Employers in the state must respect the fact that their workplaces are now very sexually diverse. California employers are responsible for providing employees with a workplace, that protects them from discrimination based on sexual orientation and gender identity. Although there is no full-fledged federal law that prohibits discrimination against lesbians, gays, and transgender employees in private employment, there is an Executive Order that specifically prohibits the federal government from discriminating against employees based on sexual orientation. However, if private employers in California must follow the state law that bans discrimination based on sexual orientation or gender identity, in spite of the fact that there is no federal law yet that bans such discrimination.

California's law prohibits discrimination based on sexual orientation or gender identity, and if a plaintiff files a discrimination lawsuit based on LGBT discrimination and the case goes to a jury, it is likely that plaintiffs will find a jury that is in their favor. According to recent survey, Americans across the board now seem to be in favor of a inclusive workplaces, and zero discrimination against homosexuals, lesbians and transgender persons.

According to the survey, as many as 55% of the more than 2,500 people who were surveyed believed that no employer should be granted exemption from protecting employees against discrimination based on sexual orientation. Only a minority believed that such exemptions should be granted, and even among them, the majority believed that the exemption should only be applicable to churches and places of worship.



Poll Finds Americans Opposed to Discrimination against LGBT Persons

Friday, October 03, 2014

According to a new survey, Americans are opposed to discrimination against persons with other sexual preferences or sexual orientation.

The poll focused on more than 2, 500 Americans, and out of these, more than 200 indicated that they were homosexual, and 354 identify themselves as gay, lesbian, bisexual and transgender. Approximately 55% of these persons believed that no employer should be given any exemption from providing employees protection against workplace discrimination based on sexual orientation, or preference. A minority of them believe that certain businesses or organizations have the right to discriminate against these persons, including places of worship. They also believed that private businesses could have exemption from anti-discrimination laws, based on religious beliefs.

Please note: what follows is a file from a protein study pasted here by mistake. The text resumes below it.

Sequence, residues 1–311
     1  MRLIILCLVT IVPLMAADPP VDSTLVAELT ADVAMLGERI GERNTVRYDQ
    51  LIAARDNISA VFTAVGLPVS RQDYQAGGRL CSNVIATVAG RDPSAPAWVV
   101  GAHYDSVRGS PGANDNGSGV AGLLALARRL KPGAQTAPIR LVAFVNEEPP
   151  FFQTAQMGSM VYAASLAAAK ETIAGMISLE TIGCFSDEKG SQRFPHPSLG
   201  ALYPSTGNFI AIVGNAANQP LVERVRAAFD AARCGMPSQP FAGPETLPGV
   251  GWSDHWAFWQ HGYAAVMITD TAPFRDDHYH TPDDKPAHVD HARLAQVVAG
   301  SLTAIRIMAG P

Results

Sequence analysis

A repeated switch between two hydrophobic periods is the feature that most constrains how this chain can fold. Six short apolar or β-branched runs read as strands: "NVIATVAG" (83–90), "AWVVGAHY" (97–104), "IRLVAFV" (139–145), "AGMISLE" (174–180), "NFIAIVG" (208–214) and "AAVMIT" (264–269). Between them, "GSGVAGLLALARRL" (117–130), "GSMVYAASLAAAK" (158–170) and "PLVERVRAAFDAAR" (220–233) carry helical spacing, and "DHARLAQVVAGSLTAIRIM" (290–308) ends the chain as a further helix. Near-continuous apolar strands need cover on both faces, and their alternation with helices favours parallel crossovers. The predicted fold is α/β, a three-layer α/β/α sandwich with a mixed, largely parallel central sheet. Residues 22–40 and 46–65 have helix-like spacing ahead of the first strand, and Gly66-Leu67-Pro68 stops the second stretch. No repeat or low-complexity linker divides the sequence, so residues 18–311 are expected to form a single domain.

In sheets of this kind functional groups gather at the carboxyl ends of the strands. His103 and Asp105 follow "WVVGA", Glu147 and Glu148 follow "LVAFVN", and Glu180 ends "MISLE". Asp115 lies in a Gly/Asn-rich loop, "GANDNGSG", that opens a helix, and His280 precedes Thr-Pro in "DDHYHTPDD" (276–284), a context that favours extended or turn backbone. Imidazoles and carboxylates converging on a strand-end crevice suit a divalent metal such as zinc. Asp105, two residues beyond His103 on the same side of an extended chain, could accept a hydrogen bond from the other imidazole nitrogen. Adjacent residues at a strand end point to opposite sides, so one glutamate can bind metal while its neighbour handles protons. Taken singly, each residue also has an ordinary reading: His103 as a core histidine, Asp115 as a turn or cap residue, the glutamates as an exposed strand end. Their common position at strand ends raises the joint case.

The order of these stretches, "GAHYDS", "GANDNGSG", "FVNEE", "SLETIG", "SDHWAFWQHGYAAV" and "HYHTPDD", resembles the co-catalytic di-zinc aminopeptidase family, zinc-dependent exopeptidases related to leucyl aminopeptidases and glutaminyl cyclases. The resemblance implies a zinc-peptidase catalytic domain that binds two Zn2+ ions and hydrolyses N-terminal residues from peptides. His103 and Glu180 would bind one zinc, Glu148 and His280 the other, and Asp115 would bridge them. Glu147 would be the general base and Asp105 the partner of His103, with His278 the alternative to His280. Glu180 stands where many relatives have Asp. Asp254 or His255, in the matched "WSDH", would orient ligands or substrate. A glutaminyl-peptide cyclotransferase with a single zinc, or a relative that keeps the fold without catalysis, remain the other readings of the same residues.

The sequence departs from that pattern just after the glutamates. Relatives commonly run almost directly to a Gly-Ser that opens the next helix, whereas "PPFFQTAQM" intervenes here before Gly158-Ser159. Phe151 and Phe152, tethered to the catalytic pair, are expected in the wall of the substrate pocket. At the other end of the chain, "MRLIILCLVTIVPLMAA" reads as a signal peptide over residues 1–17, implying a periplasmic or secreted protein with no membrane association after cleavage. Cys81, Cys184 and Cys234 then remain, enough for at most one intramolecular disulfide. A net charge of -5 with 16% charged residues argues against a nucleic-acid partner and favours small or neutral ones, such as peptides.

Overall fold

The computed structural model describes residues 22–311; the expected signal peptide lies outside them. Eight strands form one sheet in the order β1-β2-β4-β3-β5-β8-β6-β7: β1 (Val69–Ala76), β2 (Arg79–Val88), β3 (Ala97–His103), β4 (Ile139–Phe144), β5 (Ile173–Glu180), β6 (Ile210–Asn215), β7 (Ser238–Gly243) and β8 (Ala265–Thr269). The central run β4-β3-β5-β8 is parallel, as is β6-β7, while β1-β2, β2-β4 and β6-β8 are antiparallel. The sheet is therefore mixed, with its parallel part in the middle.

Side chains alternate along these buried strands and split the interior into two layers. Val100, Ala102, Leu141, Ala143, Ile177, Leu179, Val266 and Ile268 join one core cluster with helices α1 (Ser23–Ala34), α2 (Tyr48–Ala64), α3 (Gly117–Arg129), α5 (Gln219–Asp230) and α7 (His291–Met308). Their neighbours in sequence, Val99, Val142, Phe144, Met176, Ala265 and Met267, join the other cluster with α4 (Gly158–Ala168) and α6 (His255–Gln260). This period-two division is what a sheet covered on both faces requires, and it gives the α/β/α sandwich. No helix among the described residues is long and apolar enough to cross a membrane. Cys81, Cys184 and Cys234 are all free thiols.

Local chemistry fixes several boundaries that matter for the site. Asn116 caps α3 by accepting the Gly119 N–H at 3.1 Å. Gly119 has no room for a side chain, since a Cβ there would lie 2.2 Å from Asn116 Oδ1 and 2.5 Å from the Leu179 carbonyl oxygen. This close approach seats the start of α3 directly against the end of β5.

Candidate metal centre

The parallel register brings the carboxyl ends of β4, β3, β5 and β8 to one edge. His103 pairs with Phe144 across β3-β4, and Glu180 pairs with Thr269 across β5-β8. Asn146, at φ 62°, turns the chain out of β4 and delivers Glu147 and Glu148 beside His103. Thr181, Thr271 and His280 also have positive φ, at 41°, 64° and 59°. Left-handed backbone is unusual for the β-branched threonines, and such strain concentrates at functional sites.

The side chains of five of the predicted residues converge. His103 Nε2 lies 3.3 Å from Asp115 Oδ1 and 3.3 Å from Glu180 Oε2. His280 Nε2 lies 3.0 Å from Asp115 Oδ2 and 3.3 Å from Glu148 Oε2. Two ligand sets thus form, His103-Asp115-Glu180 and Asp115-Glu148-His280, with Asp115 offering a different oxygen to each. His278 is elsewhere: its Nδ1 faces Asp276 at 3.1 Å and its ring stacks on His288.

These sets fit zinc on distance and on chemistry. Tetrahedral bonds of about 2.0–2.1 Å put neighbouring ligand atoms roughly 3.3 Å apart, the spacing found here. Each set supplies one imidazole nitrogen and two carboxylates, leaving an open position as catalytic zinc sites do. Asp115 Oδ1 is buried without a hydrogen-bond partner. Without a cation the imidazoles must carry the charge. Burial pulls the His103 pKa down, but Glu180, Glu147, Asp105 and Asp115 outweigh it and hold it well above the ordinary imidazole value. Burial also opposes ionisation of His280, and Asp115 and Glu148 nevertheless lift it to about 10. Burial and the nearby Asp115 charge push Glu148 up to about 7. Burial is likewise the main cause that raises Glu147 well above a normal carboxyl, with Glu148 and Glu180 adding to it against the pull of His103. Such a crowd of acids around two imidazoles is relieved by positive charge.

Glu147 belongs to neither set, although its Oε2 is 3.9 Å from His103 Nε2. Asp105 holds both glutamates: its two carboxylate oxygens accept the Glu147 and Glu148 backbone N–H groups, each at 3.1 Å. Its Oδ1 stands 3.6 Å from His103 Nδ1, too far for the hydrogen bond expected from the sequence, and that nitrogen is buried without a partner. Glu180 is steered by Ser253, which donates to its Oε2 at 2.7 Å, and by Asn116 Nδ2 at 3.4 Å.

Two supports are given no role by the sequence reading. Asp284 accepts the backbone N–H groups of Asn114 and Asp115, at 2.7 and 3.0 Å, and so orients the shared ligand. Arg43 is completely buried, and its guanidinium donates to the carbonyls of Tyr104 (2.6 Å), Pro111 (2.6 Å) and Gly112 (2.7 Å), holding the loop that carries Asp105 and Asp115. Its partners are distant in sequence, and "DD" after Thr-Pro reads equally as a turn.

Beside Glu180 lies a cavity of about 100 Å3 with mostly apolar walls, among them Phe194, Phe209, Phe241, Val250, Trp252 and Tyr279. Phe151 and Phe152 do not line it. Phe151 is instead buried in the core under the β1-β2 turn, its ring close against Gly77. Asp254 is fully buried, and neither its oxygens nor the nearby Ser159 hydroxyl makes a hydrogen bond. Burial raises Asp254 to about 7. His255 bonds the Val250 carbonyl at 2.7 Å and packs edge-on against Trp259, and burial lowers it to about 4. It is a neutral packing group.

At least two- thirds of the respondents admitted that they believed that there should be an expansion of the federal law to expand protection against workplace discrimination based on gender identity and sexual orientation. Two- thirds of the respondents admitted that they were strongly in favor of the expansion of federal law to provide protections against employment discrimination based on gender identity and sexual orientation. About 54 % were strongly in favor of equal treatment of transgender workers.

This rising tide in favor of acceptance of persons of lesbian, gay, bisexual and transgender persons in the workplace comes as several states around the country, continue to relax their laws and accept same sex marriages or unions. Even though so many Americans are strongly in favor of protections against workplace discrimination, in matters of gender identity and sexual orientation, the Employment Non-Discrimination Act continues to be debated by lawmakers in Congress. In several American states, it continues to be legal for employers to fire employees if they are lesbian, gay, bisexual or transgender. In 32 states, a person can be fired from his employment if he identifies as transgender.